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Then she started wrapping me up in duct tape. Even in the middle of a car accident, I was stil public enemy number one.

We got in the car and after I was careful y belted in, Dex managed to reverse it up the embankment. Luckily, it wasn’t as steep as it looked when we went bounding down it. The Highlander shuddered and smoked a bit but she worked and we were soon roaring down the highway again.

The night sky was clear as we left the mountains and entered the softly rol ing hil s, and far off in the distance you could see the sky easing black to blue. The horizon looked fresh and clean and the dying stars twinkled brightest before they faded. Dawn was coming.

Time was ticking.

It was near eight in the morning, when the landscape was sunny, dusty and squint-worthy bright, that I felt a cloak of blackness settle over me like opaque net. It had been waiting to drop all night. I had been waiting to receive it. A net of indescribable evil.

A voice spoke out deep inside my head. That voice from the bowels of creation, one that encapsulated all pain and suffering the world has ever known - and relished it.

Give up, it said. To resist is to bring pain. Pain to your loved ones. Pain to yourself. Give up and you’ll be spared. You’ll be free.

Try me, I thought.

I raised my chin and looked at Dex and Ada, who were lost in their own thoughts, watching the flat farmlands rol past.

“Guys,” I said, my voice shaking out of my chest. “I don’t have much time left.”

Dex stepped harder on the gas. I didn’t know if it would be enough.

When we arrived outside the small , reservation town of Lapwai, I was a complete write-off. There was no hope left for me. I pushed and tried and projected and did what I could to get control back but I was too tired and too weak to be any threat. I spent the entire car ride trapped in my body and under the demon’s rule. I spoke in tongues, I writhed and screamed and tried to bite Ada and Dex until she was stealth enough to put a piece of duct tape over my mouth.

She then proceeded to tape me down to the actual seat, using all three rol s of the tape they’d purchased from the gas station.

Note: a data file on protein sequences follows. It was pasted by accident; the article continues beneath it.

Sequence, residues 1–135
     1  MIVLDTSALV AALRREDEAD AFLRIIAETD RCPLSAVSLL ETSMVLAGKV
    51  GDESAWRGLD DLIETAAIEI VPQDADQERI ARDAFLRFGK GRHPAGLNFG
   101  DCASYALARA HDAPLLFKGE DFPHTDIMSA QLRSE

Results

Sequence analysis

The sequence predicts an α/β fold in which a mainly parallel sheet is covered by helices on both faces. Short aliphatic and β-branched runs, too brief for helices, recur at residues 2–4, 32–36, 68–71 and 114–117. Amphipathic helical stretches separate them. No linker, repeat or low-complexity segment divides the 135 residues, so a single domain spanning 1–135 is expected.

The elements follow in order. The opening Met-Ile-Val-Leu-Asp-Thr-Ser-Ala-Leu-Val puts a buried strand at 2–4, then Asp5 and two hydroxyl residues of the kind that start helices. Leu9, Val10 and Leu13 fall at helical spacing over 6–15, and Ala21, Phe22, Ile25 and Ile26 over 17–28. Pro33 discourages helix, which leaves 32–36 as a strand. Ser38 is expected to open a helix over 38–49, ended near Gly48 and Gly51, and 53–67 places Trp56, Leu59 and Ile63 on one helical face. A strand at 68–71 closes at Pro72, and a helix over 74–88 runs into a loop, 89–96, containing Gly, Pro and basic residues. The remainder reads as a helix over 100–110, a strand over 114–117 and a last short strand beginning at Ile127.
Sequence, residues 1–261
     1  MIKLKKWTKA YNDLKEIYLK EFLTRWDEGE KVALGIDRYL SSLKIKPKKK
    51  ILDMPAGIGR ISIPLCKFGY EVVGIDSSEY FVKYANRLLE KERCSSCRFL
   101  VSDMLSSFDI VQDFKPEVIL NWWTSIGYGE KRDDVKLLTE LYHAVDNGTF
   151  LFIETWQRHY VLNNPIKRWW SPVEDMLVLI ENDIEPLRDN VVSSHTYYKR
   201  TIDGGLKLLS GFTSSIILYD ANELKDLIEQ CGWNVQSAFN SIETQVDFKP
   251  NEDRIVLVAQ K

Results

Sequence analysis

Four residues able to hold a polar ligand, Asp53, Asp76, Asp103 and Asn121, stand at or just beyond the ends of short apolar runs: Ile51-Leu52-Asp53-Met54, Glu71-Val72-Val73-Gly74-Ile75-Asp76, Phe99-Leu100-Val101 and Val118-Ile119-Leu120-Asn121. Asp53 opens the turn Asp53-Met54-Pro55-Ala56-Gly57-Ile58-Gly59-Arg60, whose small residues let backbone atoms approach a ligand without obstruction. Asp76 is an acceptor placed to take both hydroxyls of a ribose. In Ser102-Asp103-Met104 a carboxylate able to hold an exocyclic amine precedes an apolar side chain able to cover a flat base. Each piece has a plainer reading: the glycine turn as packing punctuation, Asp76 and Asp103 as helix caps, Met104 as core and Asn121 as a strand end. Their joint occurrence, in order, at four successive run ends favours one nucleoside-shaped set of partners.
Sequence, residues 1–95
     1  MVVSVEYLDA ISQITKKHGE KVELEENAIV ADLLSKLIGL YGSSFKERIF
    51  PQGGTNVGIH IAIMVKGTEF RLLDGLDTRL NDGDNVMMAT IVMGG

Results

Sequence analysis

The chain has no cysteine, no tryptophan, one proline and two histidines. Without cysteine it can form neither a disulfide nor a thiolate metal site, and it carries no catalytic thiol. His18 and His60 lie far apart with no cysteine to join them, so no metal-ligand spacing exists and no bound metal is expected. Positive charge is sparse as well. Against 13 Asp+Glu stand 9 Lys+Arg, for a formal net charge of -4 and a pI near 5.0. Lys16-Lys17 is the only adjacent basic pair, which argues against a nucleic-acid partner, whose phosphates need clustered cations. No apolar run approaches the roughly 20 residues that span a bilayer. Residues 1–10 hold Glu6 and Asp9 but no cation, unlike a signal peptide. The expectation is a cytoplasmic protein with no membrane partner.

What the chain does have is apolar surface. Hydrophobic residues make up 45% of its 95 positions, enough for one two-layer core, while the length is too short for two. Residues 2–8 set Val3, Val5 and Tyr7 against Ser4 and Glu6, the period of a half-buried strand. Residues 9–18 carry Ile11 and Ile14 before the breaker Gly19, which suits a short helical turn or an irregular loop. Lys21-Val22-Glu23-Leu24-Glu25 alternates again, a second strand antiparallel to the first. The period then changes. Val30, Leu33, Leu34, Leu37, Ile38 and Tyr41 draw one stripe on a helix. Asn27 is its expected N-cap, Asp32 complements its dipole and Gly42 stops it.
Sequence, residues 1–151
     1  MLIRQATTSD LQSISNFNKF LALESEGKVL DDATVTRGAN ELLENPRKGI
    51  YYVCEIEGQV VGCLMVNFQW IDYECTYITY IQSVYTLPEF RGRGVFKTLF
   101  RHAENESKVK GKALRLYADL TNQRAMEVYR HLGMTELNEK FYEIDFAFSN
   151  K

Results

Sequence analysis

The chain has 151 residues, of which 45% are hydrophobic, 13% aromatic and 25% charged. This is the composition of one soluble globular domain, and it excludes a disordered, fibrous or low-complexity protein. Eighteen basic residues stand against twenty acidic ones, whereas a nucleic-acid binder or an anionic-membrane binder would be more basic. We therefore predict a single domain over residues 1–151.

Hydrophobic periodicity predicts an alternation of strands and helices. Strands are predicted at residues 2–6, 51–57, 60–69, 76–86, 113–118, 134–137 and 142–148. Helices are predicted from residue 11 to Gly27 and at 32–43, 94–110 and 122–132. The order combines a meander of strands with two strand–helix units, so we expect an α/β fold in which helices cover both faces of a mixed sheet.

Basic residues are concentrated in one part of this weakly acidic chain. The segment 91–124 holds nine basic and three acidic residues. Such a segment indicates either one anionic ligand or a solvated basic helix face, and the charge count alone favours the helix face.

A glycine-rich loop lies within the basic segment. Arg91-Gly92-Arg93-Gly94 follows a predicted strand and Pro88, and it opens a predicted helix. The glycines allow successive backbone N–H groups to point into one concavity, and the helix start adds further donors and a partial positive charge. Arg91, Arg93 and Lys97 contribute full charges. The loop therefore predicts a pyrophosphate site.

It was good timing that as soon as Dex navigated the Highlander up to a desolate rancher on the sage-brushed outskirts, the tape began to come loose from the seat and my thrashing was at an all -time high. Any longer and the thing would have propel ed me into Dex and taken the car off the road again, for the final time. You only get to cheat the devil once.

Dex slammed the car into park and he and Ada jumped out of the car while I remained writhing inside. The rusty door to the small house banged open and a tal , slim native man in jeans and an old, grey San Francisco Giants sweatshirt stepped out. He was surprisingly young, you know, for an exorcist, maybe a few years older than Dex.

Dex shook the man’s hand vigorously and then, as the man shook Ada’s, someone else emerged from the trailer.

It was Bird. Stoic Bird from Red Fox, with his dusty denim jacket, weather-beaten face and imitation Raybans.

Aside from a quick slap on the back, and Bird motioning to Dex’s head wound with concern, there was no time for a reunion. Dex pointed at the car and they all came running for me.

I tried with all my heart to get the creature away from me, to be able to act as myself to Bird and to tel him how much I appreciated him for trying to help me once again, but I couldn’t. If anything, my attempts made it push me back even farther. A layer of film settled over my vision, like I was looking through a thick piece of laminate, and all sound came at me as through underwater channels.